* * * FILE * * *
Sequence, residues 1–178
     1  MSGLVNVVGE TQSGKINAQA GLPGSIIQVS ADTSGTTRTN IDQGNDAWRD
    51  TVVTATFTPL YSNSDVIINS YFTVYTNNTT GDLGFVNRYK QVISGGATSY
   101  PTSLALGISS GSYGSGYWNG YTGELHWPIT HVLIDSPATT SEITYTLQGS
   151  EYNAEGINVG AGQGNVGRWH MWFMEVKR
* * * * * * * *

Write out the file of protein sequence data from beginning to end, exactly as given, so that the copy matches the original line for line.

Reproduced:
Sequence, residues 1–178
     1  MSGLVNVVGE TQSGKINAQA GLPGSIIQVS ADTSGTTRTN IDQGNDAWRD
    51  TVVTATFTPL YSNSDVIINS YFTVYTNNTT GDLGFVNRYK QVISGGATSY
   101  PTSLALGISS GSYGSGYWNG YTGELHWPIT HVLIDSPATT SEITYTLQGS
   151  EYNAEGINVG AGQGNVGRWH MWFMEVKR